Look for new information posted soon about the new leadership for ACDAEast. Peggy Dettwiler took the reins officially on July 1.
And help us connect…
Let’s face it. Choral directors are busy people who are communicating on several different channels every minute of every day. More often than not, a well timed message while waiting in line at the grocery store is the one that gets the read and the response.
That’s why we’re building additional bridges through social media, hoping that a well-timed post featuring a teaser about the upcoming conference will entice you to click through and read more. And the best part is that you can share social media news with friends who aren’t (yet!) part of ACDA.
Get connected, and help us connect with your friends and colleagues who can benefit from all ACDA has to offer!
See you online!
The Kegerreis Fund
A Living Legacy
The Helen Kemp Lifetime Achievement Award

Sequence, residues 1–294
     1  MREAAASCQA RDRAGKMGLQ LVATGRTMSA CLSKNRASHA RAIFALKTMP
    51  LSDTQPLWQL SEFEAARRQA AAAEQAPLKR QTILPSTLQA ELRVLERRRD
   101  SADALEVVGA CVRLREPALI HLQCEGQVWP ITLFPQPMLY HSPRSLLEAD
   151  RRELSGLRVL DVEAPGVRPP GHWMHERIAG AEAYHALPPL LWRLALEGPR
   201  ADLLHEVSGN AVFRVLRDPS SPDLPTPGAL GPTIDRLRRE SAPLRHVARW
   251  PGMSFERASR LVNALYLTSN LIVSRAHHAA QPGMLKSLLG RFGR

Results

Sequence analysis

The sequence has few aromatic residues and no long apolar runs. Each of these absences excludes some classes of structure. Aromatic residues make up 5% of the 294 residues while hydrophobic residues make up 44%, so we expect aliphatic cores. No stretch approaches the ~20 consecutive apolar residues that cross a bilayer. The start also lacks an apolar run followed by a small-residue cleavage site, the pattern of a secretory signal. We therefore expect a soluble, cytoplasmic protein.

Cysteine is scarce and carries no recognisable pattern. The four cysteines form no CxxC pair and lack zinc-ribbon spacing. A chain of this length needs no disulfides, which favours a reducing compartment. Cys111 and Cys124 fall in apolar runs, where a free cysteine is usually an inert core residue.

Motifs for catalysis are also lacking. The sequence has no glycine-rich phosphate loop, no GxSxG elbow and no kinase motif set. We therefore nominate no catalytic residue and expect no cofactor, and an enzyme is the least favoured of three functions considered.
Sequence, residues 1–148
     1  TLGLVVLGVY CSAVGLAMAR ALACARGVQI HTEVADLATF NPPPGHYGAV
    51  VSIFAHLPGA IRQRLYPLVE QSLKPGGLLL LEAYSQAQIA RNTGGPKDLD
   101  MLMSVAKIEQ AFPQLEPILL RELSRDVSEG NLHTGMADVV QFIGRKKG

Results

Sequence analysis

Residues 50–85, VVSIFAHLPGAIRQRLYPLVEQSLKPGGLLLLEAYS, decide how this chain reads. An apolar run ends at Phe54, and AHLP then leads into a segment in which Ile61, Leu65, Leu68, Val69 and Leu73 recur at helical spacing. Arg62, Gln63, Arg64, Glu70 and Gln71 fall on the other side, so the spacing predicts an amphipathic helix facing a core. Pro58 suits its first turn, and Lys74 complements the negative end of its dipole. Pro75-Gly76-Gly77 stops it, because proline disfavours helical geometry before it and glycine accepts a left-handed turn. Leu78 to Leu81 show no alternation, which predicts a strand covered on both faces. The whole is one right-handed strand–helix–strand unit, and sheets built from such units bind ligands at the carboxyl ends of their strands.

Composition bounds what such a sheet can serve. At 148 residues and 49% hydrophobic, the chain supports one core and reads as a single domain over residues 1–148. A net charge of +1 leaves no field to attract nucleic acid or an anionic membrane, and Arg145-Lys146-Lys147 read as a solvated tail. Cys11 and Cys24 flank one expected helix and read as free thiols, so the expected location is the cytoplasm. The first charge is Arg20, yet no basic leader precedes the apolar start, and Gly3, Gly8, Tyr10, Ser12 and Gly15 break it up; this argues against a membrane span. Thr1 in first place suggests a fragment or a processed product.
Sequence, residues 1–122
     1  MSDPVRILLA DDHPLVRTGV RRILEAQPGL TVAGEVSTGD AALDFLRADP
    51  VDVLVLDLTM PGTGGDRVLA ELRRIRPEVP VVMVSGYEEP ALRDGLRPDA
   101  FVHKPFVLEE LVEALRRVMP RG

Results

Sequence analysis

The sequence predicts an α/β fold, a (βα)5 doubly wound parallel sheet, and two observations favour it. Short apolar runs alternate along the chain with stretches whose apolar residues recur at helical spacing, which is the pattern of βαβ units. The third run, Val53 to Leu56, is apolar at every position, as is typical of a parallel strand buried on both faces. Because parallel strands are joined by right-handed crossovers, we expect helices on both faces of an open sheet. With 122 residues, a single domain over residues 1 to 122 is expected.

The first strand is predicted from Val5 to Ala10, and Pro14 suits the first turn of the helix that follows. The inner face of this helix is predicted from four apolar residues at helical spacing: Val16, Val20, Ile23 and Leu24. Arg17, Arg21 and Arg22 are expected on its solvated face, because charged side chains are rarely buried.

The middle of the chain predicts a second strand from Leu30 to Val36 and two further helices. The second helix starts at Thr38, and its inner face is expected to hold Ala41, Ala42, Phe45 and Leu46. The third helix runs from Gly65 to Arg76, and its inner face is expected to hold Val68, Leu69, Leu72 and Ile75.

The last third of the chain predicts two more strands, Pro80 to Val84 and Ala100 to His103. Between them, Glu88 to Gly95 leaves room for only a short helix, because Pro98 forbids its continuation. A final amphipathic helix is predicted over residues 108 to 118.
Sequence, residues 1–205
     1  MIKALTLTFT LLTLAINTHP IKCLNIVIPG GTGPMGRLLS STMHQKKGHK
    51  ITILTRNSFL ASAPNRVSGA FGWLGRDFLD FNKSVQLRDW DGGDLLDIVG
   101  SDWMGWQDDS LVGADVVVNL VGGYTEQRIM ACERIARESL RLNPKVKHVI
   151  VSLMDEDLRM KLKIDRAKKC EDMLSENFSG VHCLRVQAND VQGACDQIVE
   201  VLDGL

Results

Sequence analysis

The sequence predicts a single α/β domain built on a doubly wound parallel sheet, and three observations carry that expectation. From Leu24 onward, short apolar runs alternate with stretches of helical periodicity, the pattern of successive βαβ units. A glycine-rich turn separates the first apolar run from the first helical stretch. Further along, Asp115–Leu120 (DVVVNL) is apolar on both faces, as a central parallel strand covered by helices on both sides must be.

CALL FOR NOMINEES
I have learned a great deal about ACDA since assuming the role of Eastern Region President just over a year ago, not the least of which has to do with finalizing contracts with hotels, performance venues, and local vendors who, in the last place, provide the real backbone that will bear out whether a convention is “somewhat successful” or “inspiring and rejuvenating.” Seasoned choral directors know that the truly defining element of a meaningful musical experience is largely a result of everything that happened behind the scenes before the sound of the very first pitch. Sometimes I think music teachers would be better served with a degree in business administration than credentials in performance practice and score study.